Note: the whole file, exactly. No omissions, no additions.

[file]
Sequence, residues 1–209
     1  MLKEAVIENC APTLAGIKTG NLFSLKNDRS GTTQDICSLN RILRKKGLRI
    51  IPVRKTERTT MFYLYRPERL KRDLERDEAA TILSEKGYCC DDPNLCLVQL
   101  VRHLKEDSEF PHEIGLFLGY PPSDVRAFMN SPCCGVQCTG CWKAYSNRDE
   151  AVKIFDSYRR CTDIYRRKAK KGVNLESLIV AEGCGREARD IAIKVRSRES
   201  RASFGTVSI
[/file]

Sequence, residues 1–209
     1  MLKEAVIENC APTLAGIKTG NLFSLKNDRS GTTQDICSLN RILRKKGLRI
    51  IPVRKTERTT MFYLYRPERL KRDLERDEAA TILSEKGYCC DDPNLCLVQL
   101  VRHLKEDSEF PHEIGLFLGY PPSDVRAFMN SPCCGVQCTG CWKAYSNRDE
   151  AVKIFDSYRR CTDIYRRKAK KGVNLESLIV AEGCGREARD IAIKVRSRES
   201  RASFGTVSI